It reads like a horror story, an almost comic immorality tale. It’s as if the president, as patient zero, had bitten an aide and slowly, bite by bite, an entire nation had lost its wits and its compass. The result of Rucker and Leonnig’s hard work is a book that runs low to the ground; it only rarely pauses for sweeping, drone-level vistas and injections of historical perspective... Rucker and Leonnig are adept at scene-setting, at subtly thickening the historical record. More than a few of these scenes feature Ivanka Trump and Jared Kushner, known to nearly all in the White House as “the kids.” They’re viewed as in over their heads and possessed of unfailingly defective judgment.
Although the title of A Very Stable Genius ironically adopts Trump’s preening self-description, Rucker and Leonnig present him as a lord of misrule who delights in instability, running a government that resembles “a virtual tilt-a-whirl” at a carnival. Despite his claim to be a genius, under his combed-over crown he has an entirely vacuous head: he tells India’s prime minister, Narendra Modi, that it’s a good thing the country doesn’t have a border with China, and at a ceremony in Pearl Harbor he asks what exactly happened there to justify the commemoration. Forget about CIA briefings: as Steve Bannon puts it, Trump “doesn’t even know what intelligence is”. As proof, Rucker and Leonnig have a scoop about one of his crazier wheezes. Denied funds for his wall along the Mexican border, he proposes a human chain of hefty enforcers, hundreds of thousands of them, who would join hands in a barricade extending across 1,200 miles. A stable genius or a rampaging dimwit?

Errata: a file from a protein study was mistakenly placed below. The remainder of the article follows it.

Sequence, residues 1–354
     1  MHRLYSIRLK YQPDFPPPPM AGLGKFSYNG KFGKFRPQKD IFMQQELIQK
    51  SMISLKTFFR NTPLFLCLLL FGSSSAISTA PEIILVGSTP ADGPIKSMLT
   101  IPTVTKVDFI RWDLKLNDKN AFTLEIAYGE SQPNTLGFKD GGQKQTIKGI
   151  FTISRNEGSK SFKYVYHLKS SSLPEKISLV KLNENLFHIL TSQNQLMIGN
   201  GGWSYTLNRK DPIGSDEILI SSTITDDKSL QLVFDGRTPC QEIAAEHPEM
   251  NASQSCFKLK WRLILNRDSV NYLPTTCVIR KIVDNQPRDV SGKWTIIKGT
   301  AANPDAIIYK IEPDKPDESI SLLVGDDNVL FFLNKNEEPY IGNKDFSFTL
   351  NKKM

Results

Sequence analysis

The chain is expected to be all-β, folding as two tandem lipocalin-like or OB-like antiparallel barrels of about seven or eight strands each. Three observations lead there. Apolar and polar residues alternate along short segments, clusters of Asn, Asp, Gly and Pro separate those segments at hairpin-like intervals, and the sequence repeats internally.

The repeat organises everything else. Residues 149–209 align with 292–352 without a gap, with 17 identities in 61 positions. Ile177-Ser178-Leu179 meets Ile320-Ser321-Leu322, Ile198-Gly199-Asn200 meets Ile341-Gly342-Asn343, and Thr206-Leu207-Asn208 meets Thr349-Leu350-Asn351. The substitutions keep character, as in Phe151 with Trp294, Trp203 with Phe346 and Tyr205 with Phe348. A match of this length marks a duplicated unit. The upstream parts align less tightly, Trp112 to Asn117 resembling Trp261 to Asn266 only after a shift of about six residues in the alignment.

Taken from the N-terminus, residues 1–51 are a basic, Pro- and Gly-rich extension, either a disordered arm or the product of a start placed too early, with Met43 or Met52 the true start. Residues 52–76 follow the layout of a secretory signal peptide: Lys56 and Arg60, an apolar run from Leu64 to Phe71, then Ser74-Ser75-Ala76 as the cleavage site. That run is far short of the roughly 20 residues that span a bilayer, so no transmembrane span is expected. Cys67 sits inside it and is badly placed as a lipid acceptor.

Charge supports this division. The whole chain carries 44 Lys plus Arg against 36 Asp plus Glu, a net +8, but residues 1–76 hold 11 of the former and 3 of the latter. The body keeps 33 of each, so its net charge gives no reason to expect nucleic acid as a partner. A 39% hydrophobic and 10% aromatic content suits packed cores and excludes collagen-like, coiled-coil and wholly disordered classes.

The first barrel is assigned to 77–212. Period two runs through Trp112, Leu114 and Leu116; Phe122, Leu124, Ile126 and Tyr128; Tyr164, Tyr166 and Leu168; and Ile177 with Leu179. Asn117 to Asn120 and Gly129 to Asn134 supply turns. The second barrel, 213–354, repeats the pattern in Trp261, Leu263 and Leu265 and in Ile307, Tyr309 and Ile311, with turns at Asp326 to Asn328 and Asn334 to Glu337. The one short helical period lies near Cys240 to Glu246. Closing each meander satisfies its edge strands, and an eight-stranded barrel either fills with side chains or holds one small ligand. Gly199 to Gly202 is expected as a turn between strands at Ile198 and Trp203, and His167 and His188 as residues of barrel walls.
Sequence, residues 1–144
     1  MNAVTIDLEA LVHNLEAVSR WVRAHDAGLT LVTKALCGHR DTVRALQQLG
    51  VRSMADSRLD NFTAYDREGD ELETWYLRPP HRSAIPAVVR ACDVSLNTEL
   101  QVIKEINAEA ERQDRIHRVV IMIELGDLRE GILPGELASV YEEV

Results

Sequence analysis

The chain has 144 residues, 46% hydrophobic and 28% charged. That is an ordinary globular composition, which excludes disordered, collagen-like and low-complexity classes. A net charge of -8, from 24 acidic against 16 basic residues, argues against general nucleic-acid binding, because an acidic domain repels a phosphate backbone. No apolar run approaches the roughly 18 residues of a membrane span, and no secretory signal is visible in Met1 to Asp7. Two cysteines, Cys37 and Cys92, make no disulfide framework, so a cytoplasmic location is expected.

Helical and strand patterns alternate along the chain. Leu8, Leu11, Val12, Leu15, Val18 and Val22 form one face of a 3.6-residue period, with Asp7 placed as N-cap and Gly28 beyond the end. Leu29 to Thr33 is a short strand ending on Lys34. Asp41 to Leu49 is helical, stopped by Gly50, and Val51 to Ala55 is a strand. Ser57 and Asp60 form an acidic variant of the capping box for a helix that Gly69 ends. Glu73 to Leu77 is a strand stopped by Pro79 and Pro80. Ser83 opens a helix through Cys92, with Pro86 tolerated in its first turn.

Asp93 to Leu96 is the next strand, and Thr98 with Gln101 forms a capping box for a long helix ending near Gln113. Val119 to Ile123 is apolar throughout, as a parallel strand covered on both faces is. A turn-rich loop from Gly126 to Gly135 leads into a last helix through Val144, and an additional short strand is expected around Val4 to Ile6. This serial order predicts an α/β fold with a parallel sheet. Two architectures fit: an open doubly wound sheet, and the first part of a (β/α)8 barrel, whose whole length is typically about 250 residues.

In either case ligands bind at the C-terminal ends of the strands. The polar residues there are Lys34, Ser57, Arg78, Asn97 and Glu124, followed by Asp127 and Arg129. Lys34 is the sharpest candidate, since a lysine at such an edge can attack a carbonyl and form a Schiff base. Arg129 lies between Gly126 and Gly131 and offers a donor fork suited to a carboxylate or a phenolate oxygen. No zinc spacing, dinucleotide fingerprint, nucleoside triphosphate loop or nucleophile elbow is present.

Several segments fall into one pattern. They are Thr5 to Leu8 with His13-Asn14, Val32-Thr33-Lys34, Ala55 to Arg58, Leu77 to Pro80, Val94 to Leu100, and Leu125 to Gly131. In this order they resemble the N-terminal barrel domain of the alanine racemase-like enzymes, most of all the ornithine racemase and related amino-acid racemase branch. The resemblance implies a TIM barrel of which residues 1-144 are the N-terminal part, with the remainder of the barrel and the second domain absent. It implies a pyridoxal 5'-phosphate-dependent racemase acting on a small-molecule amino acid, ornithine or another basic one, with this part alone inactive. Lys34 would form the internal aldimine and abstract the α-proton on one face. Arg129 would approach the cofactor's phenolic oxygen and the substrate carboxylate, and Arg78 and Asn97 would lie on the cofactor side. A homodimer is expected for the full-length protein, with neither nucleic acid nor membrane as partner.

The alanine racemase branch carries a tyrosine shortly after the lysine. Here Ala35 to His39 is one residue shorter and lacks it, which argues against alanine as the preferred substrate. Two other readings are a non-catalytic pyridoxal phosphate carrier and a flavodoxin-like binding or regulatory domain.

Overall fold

And yet A Very Stable Genius remains a page-turner even for those who chronicle Trump for a living. As with previous books on Trumpworld, it is the cumulative effect of what has happened in the Trump presidency, the reminder of outrage piled on outrage that shocks the conscience numbed by the daily drumbeat of Trump transgressions. The book is essentially a recounting of Trump’s handling of the Mueller investigation, starting with his ill-fated appointment of retired army intelligence officer Michael Flynn as his first national security adviser and finishing with the release of Mueller’s 450-page report more than two years later.
There really is plenty in this presidency to be horrified by, but the naked partisanship on display here undermines the revelatory reporting, lending credence to Trump’s frequent complaints about witch-hunts. The other inescapable problem with the book is the pace of events. We have now careered on from Mueller, Kim Jong-un and fire and fury, to Ukraine, impeachment and the Soleimani hit, propelled by what the authors describe as the president’s “dragon energy”. And so, one of the few truly objective conclusions you can draw from A Very Stable Genius is this: no one has the faintest clue what’s coming next.
For all the annoyances of this book, for all its preachiness and stuffiness, it sets out once again the case that Trump is unfit to hold high office. It ends with his efforts to dig dirt on Joe Biden in Ukraine, efforts that led his aides to conclude that he had clearly committed a criminal act; without, he thought at the time, any consequences. “He had concluded he was above the law, after dodging accountability for flouting rules and withstanding the Mueller investigation. He had grown so confident of his own power, and cocksure that Republicans in Congress would never dare break with him, that he thought he could do almost anything.”